45% of Japanese living abroad feel lonely: gov’t study

by Jun 10, 2024Featured Article, News

Nearly 45 percent of Japanese nationals living abroad feel lonely at times, a recent government survey showed, with areas lacking strong Japanese community ties believed to contribute to higher feelings of isolation.

The survey was the first of its kind conducted by the Japanese Foreign Ministry, targeting approximately 1.3 million Japanese nationals living abroad. It garnered 55,420 online responses between October and December last year.

According to the survey, a total of 44.9 percent either felt lonely “often or always,” “sometimes” or “once in a while.” The figure was 5.6 percentage points higher than seen in a similar survey conducted by the Cabinet Secretariat domestically.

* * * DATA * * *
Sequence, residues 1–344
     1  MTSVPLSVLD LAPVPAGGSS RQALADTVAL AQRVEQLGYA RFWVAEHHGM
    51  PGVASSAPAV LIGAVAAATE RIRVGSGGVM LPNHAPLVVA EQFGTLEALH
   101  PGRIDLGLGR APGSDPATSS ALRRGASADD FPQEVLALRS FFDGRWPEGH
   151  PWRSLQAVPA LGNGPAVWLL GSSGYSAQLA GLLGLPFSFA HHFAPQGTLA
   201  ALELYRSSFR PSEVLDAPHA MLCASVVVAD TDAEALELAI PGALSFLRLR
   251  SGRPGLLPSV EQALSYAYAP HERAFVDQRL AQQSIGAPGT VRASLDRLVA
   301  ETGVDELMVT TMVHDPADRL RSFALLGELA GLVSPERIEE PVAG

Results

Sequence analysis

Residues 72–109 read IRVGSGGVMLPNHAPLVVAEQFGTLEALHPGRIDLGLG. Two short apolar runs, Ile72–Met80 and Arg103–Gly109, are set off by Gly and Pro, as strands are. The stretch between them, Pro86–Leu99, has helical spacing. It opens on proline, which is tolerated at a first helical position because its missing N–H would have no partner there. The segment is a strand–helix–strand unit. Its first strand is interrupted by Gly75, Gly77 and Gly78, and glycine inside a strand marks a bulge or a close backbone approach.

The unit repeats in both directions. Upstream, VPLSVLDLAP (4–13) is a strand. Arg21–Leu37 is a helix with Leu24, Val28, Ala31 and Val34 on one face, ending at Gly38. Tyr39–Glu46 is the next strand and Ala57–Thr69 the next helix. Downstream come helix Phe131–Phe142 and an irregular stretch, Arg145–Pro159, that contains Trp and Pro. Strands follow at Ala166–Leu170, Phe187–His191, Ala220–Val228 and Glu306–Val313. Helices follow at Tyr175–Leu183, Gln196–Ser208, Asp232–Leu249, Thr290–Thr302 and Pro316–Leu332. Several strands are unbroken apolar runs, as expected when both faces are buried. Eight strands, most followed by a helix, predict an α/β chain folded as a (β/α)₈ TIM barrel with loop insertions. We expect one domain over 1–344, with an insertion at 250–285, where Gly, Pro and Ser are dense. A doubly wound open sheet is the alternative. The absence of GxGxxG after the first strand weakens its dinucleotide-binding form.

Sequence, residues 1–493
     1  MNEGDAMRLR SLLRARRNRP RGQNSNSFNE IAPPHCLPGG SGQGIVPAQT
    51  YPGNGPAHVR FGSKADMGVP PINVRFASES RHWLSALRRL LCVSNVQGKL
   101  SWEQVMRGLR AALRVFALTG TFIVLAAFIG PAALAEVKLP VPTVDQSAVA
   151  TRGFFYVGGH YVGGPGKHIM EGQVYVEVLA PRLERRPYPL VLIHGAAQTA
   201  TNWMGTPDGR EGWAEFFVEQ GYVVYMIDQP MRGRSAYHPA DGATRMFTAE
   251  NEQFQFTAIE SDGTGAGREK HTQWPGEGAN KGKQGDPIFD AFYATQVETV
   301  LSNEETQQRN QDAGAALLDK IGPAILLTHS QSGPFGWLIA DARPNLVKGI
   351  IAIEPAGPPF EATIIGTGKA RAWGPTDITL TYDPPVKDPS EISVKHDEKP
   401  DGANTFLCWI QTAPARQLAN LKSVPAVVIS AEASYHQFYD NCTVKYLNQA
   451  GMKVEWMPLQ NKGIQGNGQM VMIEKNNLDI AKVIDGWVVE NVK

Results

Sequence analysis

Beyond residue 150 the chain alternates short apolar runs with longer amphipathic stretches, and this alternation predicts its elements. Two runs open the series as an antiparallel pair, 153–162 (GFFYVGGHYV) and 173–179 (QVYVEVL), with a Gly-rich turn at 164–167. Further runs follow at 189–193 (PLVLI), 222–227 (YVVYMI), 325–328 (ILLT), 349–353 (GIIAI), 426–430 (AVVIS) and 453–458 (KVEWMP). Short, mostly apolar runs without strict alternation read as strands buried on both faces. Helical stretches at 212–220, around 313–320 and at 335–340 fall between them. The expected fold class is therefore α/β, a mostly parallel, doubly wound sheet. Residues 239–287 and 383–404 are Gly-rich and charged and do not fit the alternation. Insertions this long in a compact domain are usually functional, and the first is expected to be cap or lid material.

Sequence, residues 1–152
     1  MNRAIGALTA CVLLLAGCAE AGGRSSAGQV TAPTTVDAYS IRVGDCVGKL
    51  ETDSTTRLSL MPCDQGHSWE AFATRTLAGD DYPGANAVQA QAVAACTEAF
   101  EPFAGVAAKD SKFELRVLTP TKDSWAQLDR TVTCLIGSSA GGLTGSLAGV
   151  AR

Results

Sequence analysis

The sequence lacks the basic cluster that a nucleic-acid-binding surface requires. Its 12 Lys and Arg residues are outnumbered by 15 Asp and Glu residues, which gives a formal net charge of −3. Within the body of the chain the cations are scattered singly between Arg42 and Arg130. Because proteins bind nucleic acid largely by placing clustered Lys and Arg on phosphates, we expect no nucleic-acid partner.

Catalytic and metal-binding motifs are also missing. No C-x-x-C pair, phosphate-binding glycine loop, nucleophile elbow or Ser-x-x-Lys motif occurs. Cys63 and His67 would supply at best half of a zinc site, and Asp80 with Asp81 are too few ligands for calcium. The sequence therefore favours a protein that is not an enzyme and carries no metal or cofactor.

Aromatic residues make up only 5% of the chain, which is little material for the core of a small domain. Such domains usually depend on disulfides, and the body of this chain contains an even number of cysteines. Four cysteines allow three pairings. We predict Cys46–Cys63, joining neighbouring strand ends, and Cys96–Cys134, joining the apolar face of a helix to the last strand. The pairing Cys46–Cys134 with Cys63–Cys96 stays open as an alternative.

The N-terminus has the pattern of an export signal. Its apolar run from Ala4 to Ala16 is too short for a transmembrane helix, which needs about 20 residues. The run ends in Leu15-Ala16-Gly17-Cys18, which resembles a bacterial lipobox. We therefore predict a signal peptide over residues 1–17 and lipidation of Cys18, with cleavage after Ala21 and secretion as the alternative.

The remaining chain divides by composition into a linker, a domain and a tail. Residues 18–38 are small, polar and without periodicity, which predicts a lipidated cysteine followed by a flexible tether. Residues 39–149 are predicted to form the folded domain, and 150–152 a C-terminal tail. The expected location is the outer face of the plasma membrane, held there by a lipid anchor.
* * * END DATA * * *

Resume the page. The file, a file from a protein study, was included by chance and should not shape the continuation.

By region, Western Europe, including Britain and France, had the highest percentage of respondents experiencing bouts of loneliness at 48.0 percent, followed by South America at 46.4 percent and North America at 45.3 percent.

Africa was the region with the lowest percentage of lonely Japanese expats at 39.0 percent, followed by the Middle East at 41.4 percent.

The language barrier was cited as the most common reason for feelings of loneliness at 31.6 percent, followed by cultural differences at 27.9 percent.

Among those who responded they often or always felt lonely, 44.5 percent said they had felt that way for five years or longer.

The ministry is working with overseas missions and domestic suicide prevention organizations to provide support to Japanese struggling with loneliness abroad.